Jasmine Snead understands that prioritizing diversity and inclusion can help people “feel more heard,” especially in times of anguish.
As vice president of Inclusion and Professional Development of the MBA Association (MBAA), Snead, an FTMBA/MPP student, is currently leading efforts within Maryland Smith’s MBA programs to promote diversity and inclusion in all aspects of business school life. “We are all going to encounter someone from a different background than us, and we want to facilitate healthy communication and discourse for when that happens,” Snead said.
The first to ever hold the position of VP of Inclusion and Professional Development for the MBAA, Snead hit the ground running by working with the MBAA and Victor Mullins, diversity officer and associate dean for undergraduate studies at the University of Maryland’s Robert H. Smith School of Business, to plan a moment of silence to reflect on the death of George Floyd and to reflect on other recent events related to police brutality.
“We have such a diverse community [at Maryland Smith],” Snead said, “and it was a time to take a pause and reflect as a Smith community.”
During the Zoom event, Snead and about 50 other students shared their own experiences with police brutality. “I was optimistic to see so many people in the Smith community come together in such a short time frame,” Snead said.
Snead said she wanted to let new MBA students know how important diversity and inclusion are to the Maryland Smith community.
On the first day of the virtual FTMBA orientation, she and Mullins facilitated a diversity and inclusion virtual seminar. As part of the event, students were given an identity template, on which they were asked to list eight identities that are important to them. The students were then broken into smaller groups to further discuss these identities and the impact they’ve had on their lives. Finally, they came together to create a shared value statement for the class of 2022. “We wanted to start a conversation early on with new students, and foster a safe and inclusive environment at Maryland Smith,” Snead explained.
As it relates to the future of diversity and inclusion work at Maryland Smith, Snead is far from short on ideas.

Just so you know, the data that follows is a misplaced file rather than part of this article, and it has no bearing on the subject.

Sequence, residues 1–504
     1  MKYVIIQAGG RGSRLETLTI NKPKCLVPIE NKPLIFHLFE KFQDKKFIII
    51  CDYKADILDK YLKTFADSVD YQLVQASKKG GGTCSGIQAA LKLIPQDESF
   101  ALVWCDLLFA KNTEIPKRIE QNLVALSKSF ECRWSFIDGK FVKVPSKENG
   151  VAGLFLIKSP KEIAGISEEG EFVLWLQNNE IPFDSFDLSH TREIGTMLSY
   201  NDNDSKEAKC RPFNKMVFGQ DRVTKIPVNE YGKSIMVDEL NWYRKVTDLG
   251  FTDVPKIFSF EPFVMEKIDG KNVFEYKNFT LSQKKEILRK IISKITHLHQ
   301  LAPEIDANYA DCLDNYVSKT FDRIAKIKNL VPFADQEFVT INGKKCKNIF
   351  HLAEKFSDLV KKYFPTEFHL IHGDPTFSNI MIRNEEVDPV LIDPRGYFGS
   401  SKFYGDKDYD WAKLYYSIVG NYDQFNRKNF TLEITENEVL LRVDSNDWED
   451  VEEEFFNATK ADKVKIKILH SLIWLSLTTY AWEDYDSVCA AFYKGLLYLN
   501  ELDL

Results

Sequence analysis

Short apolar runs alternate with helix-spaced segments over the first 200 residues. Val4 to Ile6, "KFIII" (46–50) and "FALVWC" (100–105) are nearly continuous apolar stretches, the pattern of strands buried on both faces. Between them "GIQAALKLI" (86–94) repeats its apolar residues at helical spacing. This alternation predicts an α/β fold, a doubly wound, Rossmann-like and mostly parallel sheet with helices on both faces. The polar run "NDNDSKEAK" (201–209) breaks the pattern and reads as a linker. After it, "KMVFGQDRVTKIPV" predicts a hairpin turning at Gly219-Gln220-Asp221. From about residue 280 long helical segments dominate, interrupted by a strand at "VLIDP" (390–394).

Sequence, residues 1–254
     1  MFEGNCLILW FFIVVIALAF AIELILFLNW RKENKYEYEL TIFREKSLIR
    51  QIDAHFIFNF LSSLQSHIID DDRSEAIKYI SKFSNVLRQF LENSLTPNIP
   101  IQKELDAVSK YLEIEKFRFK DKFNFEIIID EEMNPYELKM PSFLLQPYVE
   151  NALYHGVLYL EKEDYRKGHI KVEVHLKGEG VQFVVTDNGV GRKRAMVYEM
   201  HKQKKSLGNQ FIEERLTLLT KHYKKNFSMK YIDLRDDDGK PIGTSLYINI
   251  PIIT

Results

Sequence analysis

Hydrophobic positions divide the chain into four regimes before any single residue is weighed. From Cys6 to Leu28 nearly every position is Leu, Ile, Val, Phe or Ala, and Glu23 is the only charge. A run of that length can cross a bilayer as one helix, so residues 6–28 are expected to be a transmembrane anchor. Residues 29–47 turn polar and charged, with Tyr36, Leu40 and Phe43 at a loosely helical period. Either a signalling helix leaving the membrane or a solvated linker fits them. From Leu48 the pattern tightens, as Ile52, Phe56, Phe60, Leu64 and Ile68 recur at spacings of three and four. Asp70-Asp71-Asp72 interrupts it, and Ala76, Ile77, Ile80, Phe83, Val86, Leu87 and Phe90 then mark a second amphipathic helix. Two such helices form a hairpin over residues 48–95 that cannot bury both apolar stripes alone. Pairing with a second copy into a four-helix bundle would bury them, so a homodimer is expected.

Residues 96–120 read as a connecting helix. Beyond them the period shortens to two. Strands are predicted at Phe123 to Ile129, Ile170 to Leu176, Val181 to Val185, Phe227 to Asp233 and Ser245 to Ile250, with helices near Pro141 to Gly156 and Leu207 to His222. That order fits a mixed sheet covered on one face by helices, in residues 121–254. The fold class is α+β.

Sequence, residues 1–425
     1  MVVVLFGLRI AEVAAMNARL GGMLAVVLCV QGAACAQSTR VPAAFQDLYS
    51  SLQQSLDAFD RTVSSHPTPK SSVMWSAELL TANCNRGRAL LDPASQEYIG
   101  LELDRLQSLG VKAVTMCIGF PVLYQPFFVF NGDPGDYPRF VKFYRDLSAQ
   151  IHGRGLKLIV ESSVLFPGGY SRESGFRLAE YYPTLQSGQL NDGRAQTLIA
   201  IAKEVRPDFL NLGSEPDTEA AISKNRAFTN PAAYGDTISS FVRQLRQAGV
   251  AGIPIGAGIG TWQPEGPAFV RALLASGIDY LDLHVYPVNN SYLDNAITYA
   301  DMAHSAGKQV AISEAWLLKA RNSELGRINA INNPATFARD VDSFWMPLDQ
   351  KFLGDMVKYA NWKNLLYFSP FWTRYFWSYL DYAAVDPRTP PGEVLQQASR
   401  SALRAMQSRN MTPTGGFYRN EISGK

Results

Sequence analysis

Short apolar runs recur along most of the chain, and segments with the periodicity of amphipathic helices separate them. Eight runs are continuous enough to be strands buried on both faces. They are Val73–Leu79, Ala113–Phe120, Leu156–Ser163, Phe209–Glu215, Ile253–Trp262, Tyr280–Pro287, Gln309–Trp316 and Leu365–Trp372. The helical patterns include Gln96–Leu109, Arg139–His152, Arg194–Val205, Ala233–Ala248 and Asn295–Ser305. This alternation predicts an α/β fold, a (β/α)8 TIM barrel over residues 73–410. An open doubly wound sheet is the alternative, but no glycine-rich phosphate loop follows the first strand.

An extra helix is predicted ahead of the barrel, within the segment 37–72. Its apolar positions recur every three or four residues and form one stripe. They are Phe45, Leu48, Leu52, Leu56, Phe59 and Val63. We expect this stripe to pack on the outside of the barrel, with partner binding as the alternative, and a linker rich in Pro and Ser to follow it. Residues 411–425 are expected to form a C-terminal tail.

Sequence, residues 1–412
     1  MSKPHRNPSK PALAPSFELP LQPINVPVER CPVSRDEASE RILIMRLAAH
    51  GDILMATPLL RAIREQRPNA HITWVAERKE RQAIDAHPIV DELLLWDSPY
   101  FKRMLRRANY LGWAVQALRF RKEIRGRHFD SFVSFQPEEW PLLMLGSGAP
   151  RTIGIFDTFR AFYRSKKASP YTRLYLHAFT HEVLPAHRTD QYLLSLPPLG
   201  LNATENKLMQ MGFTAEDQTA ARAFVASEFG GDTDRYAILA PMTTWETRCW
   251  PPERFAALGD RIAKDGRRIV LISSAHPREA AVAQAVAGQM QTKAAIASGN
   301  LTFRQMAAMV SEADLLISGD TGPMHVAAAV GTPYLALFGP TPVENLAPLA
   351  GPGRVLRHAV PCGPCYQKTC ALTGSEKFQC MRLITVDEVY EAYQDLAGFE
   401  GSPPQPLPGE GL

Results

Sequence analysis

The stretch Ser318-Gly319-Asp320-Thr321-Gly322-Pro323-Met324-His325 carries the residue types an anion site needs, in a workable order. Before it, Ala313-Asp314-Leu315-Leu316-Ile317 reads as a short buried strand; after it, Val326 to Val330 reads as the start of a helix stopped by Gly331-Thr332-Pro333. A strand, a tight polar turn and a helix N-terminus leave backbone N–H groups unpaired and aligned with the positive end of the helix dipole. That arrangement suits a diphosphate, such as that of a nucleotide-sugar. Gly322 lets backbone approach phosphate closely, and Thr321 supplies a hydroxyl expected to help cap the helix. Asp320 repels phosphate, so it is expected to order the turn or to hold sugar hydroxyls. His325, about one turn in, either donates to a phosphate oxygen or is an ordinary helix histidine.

“We have organized small student-led group reflection sessions to encourage discussion and reflection,” she explained. Topics range from imposter syndrome to privilege and allyship, and are open to all current MBA students. Additionally, Snead is currently on the Diversity and Empowerment Council (DEC), a committee of Smith student leaders that function as an engine for sustained growth of diversity within the Smith School of Business. Snead currently serves on the Voting Education and Awareness Committee. She serves on the Voting Education and Awareness Committee.
Over the summer, Snead co-led the Smith Speaks series, an initiative that is focused on encouraging the greater Smith community (faculty, staff, students and alumni) to share their personal experiences with power, privilege, microaggressions, systematic oppressions, among other topics related to diversity and empowerment. Stories are being collected on an ongoing basis and members of the Smith community wishing to share their stories can do so on the “Smith Speaks” Interest Form. “I’m [also] going to be incorporating DEI updates, resources, and articles that promote thought leadership in the weekly MBA newsletter as well,” Snead added.
With all of the diversity and inclusion initiatives at Maryland Smith, Snead said, the goal is to “make diversity and inclusion available to all,” and to create a safe space that allows all current and future Maryland Smith students to enjoy their experience and learn from each other.
For more about Snead, please read Skater Makes Her Mark in Full Color.
–By Laura Hayes. Hayes is a 2022 MBA candidate and a Forté and Smith Fellow. Originally from Gaithersburg, Md., Hayes worked in marketing roles for four years in the financial services industry before coming to Maryland Smith.